10 Reasons to Blog as Professional Development
Blogging may require a bit more effort than other popular forms of professional development, but once you get the ball rolling, you may find blogging to be a very rewarding practice that helps build your career.
Our Teach100 bloggers speak out about the top 10 reasons to create and maintain a blog:
- Think and write more clearly
- Connect with thought leaders
- Hold yourself accountable
- Reflect on your learning and growth
- Teach, and live, more purposefully
- Boost your motivation
- Stay relevant
- Find new hobbies
- Seek positive, constructive feedback.
Read below for more thoughtful and inspiring advice from our Teach100 Mentors:
- Blogging helps you think and write more clearly.
The act of regularly expressing your thoughts in written form can help sharpen your intellect, organize your ideas and prep you to lead lessons in the classroom more effectively.
“Blogging helps me to organise [sic] and explore my thoughts better. In a way, I've learnt as much about myself as I have about the things I’ve blogged on. For teachers, professional development is often closely tied to personal development — in trying to do the former, you so often end up doing the latter. My blog has helped me explore learning and things cognitive, and in doing so, has helped me to understand my own thinking better.” – Sean, Ideas Out There: Life, Learning & the Things That Matter
- Blogging connects you to other thought leaders.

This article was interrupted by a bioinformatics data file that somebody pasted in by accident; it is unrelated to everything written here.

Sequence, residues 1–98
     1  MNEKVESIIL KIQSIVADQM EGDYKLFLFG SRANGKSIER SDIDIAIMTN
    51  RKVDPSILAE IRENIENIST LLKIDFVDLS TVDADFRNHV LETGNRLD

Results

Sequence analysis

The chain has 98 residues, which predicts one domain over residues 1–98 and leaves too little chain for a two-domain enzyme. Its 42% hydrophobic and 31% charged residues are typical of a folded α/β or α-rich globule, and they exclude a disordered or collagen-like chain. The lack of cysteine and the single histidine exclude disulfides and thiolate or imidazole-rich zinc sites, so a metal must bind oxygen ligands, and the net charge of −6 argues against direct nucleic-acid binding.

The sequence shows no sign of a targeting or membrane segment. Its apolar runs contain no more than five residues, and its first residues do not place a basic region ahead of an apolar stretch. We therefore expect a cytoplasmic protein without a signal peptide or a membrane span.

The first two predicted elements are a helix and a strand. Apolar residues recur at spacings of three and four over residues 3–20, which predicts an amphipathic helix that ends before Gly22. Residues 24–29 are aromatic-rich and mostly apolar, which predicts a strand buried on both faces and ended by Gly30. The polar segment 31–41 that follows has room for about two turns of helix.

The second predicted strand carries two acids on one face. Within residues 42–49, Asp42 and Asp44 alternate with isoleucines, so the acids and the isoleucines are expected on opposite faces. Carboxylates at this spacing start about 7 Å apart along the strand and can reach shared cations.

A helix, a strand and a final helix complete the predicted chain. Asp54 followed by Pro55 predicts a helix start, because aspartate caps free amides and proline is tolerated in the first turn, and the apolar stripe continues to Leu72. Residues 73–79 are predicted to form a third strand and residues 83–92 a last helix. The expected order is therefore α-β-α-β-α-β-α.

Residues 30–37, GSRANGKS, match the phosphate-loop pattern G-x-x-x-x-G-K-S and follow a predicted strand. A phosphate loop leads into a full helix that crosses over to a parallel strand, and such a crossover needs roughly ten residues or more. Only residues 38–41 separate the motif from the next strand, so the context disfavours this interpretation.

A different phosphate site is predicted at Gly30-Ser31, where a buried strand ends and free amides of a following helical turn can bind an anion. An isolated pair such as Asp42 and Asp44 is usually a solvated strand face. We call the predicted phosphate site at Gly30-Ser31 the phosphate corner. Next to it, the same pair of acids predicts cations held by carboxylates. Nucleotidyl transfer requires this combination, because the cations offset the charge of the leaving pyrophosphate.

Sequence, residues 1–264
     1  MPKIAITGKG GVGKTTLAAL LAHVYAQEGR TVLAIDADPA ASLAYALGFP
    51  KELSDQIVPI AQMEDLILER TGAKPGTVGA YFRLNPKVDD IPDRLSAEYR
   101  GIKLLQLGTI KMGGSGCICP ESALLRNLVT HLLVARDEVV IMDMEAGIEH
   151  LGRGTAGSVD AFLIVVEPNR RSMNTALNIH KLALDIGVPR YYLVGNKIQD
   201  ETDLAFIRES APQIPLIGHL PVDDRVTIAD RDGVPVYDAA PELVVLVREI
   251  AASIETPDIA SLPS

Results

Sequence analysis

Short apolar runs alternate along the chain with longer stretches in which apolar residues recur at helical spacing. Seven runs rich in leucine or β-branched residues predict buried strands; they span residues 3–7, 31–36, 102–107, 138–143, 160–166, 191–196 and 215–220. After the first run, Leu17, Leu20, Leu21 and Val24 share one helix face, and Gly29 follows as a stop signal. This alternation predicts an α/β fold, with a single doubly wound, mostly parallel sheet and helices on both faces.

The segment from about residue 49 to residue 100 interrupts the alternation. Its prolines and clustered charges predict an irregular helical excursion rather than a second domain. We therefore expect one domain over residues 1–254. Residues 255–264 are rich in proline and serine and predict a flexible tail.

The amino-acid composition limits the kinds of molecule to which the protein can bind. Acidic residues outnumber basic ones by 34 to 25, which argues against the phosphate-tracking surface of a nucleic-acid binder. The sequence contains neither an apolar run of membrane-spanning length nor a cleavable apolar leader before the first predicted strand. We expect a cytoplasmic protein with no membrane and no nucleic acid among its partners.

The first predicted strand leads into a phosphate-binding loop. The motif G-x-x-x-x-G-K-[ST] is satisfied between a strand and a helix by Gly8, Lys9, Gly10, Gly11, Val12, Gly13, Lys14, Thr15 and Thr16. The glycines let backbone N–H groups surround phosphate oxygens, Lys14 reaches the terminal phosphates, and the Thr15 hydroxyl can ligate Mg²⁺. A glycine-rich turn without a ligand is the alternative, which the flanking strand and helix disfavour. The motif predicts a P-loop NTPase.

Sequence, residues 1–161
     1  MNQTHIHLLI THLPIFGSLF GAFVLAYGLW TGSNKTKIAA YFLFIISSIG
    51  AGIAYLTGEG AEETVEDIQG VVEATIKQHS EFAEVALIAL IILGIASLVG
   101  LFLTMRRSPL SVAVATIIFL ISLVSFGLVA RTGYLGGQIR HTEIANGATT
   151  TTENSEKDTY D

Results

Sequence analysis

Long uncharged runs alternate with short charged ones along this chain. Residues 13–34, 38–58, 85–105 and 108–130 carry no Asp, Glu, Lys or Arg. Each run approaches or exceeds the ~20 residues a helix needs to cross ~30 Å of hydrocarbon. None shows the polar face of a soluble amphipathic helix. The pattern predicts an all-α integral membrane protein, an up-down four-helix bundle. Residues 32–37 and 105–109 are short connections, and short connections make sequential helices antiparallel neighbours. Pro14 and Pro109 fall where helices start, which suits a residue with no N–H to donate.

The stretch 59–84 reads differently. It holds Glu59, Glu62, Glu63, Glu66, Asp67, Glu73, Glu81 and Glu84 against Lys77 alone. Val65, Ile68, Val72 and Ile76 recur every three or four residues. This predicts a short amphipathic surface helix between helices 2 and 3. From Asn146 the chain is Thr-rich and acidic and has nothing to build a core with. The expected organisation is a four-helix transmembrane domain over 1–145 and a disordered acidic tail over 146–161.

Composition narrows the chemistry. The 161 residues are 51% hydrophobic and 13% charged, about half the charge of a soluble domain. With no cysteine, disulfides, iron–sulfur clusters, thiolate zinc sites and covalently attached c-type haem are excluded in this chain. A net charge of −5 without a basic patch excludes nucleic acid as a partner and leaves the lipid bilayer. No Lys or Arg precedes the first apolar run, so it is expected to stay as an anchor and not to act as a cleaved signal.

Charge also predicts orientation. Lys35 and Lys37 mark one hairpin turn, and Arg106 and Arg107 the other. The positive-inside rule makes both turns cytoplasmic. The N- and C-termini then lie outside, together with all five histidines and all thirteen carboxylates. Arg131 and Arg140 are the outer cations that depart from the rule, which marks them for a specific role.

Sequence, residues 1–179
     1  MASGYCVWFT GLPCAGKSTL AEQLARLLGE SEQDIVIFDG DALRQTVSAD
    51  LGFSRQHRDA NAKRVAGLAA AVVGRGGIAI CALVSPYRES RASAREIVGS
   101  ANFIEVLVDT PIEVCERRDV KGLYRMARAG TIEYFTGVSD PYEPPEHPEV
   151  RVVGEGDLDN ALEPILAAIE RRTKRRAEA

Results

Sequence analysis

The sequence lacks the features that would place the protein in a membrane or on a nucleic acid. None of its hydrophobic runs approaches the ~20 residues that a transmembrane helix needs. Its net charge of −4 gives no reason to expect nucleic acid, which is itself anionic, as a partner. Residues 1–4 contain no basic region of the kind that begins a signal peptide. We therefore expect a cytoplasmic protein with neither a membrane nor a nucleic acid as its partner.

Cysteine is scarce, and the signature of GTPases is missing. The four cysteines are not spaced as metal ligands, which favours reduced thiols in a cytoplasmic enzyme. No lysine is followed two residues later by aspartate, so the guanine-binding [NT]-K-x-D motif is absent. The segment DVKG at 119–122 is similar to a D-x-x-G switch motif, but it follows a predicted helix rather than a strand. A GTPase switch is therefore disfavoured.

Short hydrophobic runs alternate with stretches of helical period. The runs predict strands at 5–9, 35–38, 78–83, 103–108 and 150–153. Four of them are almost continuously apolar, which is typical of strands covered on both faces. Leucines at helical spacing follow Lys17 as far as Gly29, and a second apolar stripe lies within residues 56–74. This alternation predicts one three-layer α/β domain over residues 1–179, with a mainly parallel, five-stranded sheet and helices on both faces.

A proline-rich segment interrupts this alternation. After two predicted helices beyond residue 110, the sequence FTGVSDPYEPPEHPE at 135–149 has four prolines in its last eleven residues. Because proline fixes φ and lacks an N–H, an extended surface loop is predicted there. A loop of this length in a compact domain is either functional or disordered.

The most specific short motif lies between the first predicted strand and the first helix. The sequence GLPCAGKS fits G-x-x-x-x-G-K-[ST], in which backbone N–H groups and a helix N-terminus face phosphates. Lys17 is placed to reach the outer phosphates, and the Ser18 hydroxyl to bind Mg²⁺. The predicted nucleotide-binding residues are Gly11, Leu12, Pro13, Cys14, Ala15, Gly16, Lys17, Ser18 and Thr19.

Putting your ideas into the world is a great way to attract like-minded people to argue with, network with, or get advice from. As we’ve learned from other discussions on personal learning networks (PLN), talking with other educators is a wonderful way to learn and grow as a teacher.
“I have learned so much by reading other educators' blogs. It gives me insight and suggestions on best practices in the classroom. Interacting with other educators globally is an excellent form of professional development. Sharing lessons, teaching strategies, insights and advice is a powerful form of learning. When we blog we share our personal reflections, which not only helps others, but also helps us grow as professionals.” – Monica Evon, iPaddling Through Fourth Grade
“My blog has helped shape my professional development by giving me opportunities to learn from innovative teachers all over the world. In a way it crowdsources my professional development — I get to learn from teachers in Indonesia, Malaysia, Michigan and Brazil about creative and inspiring ways to improve students’ learning.” – Julie Schell, Turn to Your Neighbor
- Blogging keeps you accountable in meeting your learning and development goals.
Don’t get stuck in a rut! The practice of sharing your ideas with readers forces you to change things up — or risk running out of writing material. It also forces you to defend your common practices or ideas, fact check your data and stay on top of your game!
“Running [my blog] helps keep me accountable for keeping up with the latest trends and allows me to make sure I'm not stagnating with ‘the way I've always done things.’” – Brent Warner, EdTech.tv
“One of my major goals in starting the EdTech Roundup was to keep myself informed of what was happening in the field of Education Technology. By creating this site, I forced myself to grow my PLN, connect with others in the community, and explore the enormous array of amazing resources that are available to the field. On top of that, it has given me a ton of great ideas for helping other teachers with technology integration in their classrooms.” – Mike Karlin, The EdTech Roundup